Asymmetric dimethylarginine (ADMA), an endogenous NOS inhibitor, is also an important inflammatory factor contributing to the development of atherosclerosis (AS). The present study was to test the effect of ADMA on angiotensin (Ang) II-induced monocytic adhesion. Human monocytoid cells (THP-1) or isolated peripheral blood monocyte cells (PBMCs) were incubated with Ang II (10(-6)M) or exogenous ADMA (30 microM) for 4 or 24h in the absence or presence of losartan or antioxidant PDTC. In cultured THP-1 cells, Ang II (10(-6)M) for 24h elevated the level of ADMA in the medium, upregulated the protein expression of protein arginine methyltransferase (PRMT) and decreased the activity of dimethylarginine dimethylaminohydrolase (DDAH). Both of Ang II and ADMA increased monocytic adhesion to human umbilical vein endothelial cells (HUVECs), elevated the levels of monocyte chemoattractant protein (MCP)-1, interleukin (IL)-8 and tumor necrosis factor (TNF)-alpha and upregulated CCR(2) and CXCR(2) mRNA expression, concomitantly with increase in reactive oxygen species (ROS) generation and activation of nuclear factor (NF)-kappaB. Pretreatment with losartan (10 microM) or PDTC (10 microM) abolished the effects mediated by Ang II or ADMA. In isolated PBMCs from healthy individuals, ADMA upregulated the expression of CXCR(2) mRNA, which was attenuated by losartan (10 microM), however, ADMA had no effect on surface protein expression of CCR(2). The present results suggest that ADMA may be involved in monocytic adhesion induced by Ang II via activation of chemokine receptors by ROS/NF-kappaB pathway.

  18. Monocyte galactose/N-acetylgalactosamine-specific C-type lectin receptor stimulant immunotherapy of an experimental glioma. Part 1: stimulatory effects on blood monocytes and monocyte-derived cells of the brain

    Directory of Open Access Journals (Sweden)

    Kushchayev SV

    2012-09-01

    Full Text Available Sergiy V Kushchayev,1 Tejas Sankar,1 Laura L Eggink,4,5 Yevgeniya S Kushchayeva,5 Philip C Wiener,1,5 J Kenneth Hoober,5,6 Jennifer Eschbacher,3 Ruolan Liu,2 Fu-Dong Shi,2 Mohammed G Abdelwahab,4 Adrienne C Scheck,4 Mark C Preul11Neurosurgery Research Laboratory, 2Neuroimmunology Laboratory, 3Department of Pathology, 4Neurooncology Research, Barrow Neurological Institute, St Joseph's Hospital and Medical Center, Phoenix, 5School of Life Sciences, Arizona State University, Tempe, 6Susavion Biosciences, Inc, Tempe, AZ, USAObjectives: Immunotherapy with immunostimulants is an attractive therapy against gliomas. C-type lectin receptors specific for galactose/N-acetylgalactosamine (GCLR regulate cellular differentiation, recognition, and trafficking of monocyte-derived cells. A peptide mimetic of GCLR ligands (GCLRP was used to activate blood monocytes and populations of myeloid-derived cells against a murine glioblastoma.Methods: The ability of GCLRP to stimulate phagocytosis by human microglia and monocyte-derived cells of the brain (MDCB isolated from a human glioblastoma was initially assessed in vitro. Induction of activation markers on blood monocytes was assayed by flow cytometry after administration of GCLRP to naive mice. C57BL/6 mice underwent stereotactic intracranial implantation of GL261 glioma cells and were randomized for tumor size by magnetic resonance imaging, which was also used to assess increase in tumor size. Brain tumor tissues were analyzed using flow cytometry, histology, and enzyme-linked immunosorbent assay with respect to tumor, peritumoral area, and contralateral hemisphere regions.Results: GCLRP exhibited strong stimulatory effect on MDCBs and blood monocytes in vitro and in vivo. GCLRP was associated with an increased percentage of precursors of dendritic cells in the blood (P = 0.003, which differentiated into patrolling macrophages in tumoral (P = 0.001 and peritumoral areas (P = 0.04, rather than into dendritic cells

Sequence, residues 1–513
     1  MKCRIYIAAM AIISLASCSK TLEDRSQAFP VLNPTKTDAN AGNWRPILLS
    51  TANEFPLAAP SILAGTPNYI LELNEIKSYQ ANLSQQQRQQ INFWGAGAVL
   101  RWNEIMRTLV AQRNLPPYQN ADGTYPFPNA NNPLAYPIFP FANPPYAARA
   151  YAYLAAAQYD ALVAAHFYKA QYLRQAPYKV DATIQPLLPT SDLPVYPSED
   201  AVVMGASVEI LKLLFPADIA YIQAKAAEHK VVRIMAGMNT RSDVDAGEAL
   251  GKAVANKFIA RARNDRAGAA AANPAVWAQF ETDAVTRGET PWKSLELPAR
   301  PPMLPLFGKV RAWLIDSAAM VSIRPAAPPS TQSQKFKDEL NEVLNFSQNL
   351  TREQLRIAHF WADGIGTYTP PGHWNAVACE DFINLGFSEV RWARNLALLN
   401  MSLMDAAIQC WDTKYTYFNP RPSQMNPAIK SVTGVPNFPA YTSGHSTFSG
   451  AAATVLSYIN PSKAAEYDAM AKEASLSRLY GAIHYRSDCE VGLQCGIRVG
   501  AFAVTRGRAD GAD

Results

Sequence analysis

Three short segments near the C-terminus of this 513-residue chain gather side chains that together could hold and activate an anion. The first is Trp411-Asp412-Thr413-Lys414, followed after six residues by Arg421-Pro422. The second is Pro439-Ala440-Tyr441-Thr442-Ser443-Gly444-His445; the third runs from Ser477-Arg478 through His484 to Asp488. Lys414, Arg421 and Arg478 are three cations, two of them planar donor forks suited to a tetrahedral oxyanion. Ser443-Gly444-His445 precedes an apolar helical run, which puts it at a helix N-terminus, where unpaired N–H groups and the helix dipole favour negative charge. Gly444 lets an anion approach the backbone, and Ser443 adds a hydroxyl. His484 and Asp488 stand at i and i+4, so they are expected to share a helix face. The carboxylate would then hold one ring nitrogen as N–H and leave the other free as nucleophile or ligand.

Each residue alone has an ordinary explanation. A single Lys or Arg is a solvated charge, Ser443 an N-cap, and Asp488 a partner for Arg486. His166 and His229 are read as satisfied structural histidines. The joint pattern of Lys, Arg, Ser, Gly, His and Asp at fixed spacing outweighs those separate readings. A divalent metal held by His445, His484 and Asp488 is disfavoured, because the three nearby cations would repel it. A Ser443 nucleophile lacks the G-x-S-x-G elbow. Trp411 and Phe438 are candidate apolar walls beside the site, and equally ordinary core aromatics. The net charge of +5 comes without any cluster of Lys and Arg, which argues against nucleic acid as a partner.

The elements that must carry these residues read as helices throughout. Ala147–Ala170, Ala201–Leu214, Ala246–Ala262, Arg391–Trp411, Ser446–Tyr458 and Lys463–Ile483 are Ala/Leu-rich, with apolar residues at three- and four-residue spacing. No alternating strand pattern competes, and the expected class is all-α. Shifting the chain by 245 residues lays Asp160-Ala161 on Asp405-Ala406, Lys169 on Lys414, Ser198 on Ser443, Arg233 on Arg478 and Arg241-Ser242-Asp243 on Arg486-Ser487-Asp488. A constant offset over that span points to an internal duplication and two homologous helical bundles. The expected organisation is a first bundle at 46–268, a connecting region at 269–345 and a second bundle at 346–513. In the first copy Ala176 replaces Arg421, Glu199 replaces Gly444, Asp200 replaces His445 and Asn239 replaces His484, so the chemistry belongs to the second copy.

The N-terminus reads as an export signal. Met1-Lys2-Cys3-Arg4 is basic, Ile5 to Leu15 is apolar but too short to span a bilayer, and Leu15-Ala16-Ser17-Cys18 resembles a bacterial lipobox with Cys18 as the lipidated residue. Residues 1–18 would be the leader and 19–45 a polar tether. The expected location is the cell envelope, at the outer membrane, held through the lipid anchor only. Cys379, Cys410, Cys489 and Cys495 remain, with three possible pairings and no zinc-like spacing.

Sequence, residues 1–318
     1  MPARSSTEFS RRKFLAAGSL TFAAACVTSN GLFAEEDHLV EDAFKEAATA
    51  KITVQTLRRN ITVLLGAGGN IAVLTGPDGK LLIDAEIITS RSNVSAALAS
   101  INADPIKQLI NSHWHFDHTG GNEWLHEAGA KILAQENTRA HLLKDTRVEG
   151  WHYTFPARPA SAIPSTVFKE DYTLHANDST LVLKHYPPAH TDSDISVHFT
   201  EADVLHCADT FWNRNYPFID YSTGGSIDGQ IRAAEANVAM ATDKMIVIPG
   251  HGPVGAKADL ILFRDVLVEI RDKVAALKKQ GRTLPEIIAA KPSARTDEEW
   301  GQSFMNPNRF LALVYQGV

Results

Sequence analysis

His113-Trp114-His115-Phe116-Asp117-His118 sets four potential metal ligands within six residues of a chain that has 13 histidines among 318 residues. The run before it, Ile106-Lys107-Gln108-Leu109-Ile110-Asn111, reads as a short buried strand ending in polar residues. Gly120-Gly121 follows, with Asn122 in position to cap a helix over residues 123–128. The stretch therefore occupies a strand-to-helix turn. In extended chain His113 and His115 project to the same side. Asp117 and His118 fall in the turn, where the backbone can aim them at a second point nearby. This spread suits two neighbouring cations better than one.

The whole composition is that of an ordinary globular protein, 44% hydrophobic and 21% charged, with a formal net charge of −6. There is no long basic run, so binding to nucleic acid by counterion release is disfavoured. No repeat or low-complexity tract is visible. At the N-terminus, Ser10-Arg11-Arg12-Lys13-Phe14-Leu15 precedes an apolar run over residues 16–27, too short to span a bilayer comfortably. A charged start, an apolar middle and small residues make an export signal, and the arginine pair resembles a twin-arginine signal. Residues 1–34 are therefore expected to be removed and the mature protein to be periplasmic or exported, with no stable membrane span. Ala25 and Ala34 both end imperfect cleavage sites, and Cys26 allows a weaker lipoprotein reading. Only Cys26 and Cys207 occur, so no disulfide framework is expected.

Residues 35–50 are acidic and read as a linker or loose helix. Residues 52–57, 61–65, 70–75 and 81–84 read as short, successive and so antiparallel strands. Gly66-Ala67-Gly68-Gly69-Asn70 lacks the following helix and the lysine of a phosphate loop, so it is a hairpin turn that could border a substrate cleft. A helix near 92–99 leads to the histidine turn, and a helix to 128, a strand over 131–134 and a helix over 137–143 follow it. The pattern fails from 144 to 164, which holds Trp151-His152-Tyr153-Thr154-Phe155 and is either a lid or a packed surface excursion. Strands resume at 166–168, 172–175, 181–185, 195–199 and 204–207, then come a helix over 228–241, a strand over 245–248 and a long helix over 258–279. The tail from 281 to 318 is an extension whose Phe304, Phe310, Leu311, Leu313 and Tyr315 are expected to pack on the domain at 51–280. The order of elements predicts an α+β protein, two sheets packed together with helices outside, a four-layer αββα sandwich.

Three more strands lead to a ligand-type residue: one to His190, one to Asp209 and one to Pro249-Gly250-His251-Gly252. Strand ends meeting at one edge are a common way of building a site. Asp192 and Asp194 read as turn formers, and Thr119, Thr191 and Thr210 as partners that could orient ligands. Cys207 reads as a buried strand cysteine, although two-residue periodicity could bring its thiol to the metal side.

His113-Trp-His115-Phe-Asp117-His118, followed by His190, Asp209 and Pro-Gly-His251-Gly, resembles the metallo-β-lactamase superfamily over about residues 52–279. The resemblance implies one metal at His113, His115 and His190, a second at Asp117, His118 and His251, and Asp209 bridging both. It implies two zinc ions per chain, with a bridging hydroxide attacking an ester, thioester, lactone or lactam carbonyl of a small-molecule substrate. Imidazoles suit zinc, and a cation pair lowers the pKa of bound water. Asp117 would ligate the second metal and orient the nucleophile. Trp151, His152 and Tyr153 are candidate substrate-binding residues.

19. Effects of HIV infection and ART on phenotype and function of circulating monocytes, natural killer, and innate lymphoid cells.

    Science.gov (United States)

    Nabatanzi, Rose; Cose, Stephen; Joloba, Moses; Jones, Sarah Rowland; Nakanjako, Damalie

    2018-03-15

    HIV infection causes upregulation of markers of inflammation, immune activation and apoptosis of host adaptive, and innate immune cells particularly monocytes, natural killer (NK) and innate lymphoid cells (ILCs). Although antiretroviral therapy (ART) restores CD4 T-cell counts, the persistent aberrant activation of monocytes, NK and ILCs observed likely contributes to the incomplete recovery of T-cell effector functions. A better understanding of the effects of HIV infection and ART on the phenotype and function of circulating monocytes, NK, and ILCs is required to guide development of novel therapeutic interventions to optimize immune recovery.

  20. Anti-CD20 B-cell depletion enhances monocyte reactivity in neuroimmunological disorders

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    Hohlfeld Reinhard

    2011-10-01